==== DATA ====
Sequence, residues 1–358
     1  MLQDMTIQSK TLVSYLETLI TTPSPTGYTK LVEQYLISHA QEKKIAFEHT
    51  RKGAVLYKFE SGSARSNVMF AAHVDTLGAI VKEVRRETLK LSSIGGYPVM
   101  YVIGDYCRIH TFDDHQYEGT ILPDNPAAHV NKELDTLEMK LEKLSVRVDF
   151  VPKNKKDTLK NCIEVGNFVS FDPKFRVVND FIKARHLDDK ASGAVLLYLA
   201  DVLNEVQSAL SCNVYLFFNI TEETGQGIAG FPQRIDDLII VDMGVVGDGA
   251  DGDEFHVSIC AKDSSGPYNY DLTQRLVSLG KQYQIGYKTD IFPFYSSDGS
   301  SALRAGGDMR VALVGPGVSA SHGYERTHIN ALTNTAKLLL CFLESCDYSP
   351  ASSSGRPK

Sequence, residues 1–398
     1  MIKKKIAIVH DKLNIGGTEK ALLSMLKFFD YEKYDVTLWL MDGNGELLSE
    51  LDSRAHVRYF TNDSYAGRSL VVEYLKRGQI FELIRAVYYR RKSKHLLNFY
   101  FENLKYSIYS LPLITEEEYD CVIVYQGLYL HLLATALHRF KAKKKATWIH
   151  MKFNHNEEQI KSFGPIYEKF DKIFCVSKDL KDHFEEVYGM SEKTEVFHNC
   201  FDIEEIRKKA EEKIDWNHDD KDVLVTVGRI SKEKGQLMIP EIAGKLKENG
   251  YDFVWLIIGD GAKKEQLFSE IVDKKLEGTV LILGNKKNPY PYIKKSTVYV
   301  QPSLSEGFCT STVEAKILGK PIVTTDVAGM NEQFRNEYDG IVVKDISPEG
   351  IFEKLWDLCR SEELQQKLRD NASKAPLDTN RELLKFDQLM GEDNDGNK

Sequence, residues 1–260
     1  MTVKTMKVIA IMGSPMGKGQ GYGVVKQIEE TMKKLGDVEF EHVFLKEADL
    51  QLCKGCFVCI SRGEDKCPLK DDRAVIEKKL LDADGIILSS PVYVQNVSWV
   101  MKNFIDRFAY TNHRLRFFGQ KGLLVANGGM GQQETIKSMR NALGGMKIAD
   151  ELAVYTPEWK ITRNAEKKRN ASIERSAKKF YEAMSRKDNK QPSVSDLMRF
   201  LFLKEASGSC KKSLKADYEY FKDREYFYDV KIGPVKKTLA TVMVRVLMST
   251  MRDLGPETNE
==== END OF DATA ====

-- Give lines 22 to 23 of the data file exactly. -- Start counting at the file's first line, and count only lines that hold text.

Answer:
   101  MKNFIDRFAY TNHRLRFFGQ KGLLVANGGM GQQETIKSMR NALGGMKIAD
   151  ELAVYTPEWK ITRNAEKKRN ASIERSAKKF YEAMSRKDNK QPSVSDLMRF